Mike Robinson, assistant professor of psychology, assistant professor of neuroscience and behavior, is the author of an article published Sept. 27 in Current Topics in Behavioral NeuroscienceTitled, “Roles of ‘Wanting’ and ‘Liking’ in Motivating Behavior: Gambling, Food, and Drug Addictions,” the article is co-authored by Adam Fischer, previously Robinson’s lab manager, Aarit Ahuja ’16, Hannah Maniates ’16, and Ellen Lesser ’15.

In this paper, the authors argue that two separate but interconnected subcortical and unconscious processes direct motivation: “wanting” and “liking.” These two processes work together but can become disassociated, especially in cases of addiction. For example, in drug addiction, repeated consumption of drugs sensitizes the mesolimbic dopamine system–the primary component of the “wanting” system–resulting in excessive “wanting” for drugs and their cues. This long-lasting change occurs independently of the “liking” system, which typically remains unchanged or may develop a blunted pleasure response to the drug. This results in excessive drug-taking despite minimal pleasure and intense cue-triggered craving that may promote relapse long after detoxification.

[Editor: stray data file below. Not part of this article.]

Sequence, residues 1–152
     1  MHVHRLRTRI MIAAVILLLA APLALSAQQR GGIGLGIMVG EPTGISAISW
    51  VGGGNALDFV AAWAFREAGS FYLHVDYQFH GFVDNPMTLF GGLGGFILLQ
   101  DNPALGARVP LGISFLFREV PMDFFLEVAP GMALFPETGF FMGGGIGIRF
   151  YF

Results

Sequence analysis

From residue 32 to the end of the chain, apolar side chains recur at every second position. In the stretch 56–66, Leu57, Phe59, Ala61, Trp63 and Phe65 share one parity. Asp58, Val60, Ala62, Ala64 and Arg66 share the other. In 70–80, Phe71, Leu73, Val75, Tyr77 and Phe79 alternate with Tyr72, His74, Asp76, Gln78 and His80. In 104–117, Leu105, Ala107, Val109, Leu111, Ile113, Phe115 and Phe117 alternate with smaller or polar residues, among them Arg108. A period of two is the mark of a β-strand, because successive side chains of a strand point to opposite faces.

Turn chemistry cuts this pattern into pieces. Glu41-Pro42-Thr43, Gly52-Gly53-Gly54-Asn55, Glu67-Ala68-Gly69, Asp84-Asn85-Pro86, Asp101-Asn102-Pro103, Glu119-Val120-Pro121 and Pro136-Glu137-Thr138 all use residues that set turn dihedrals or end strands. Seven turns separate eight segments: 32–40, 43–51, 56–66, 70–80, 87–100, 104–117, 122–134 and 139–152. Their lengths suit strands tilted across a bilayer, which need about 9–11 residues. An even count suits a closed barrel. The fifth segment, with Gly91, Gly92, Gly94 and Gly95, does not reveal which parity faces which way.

The authors describe the roles of “wanting” and “liking” in general motivation and review recent evidence for a dissociation of “liking” and “wanting” in drug addiction, known as the incentive sensitization theory. They also make the case that sensitization of the “wanting” system and the resulting dissociation of “liking” and “wanting” occurs in both gambling disorder and food addiction.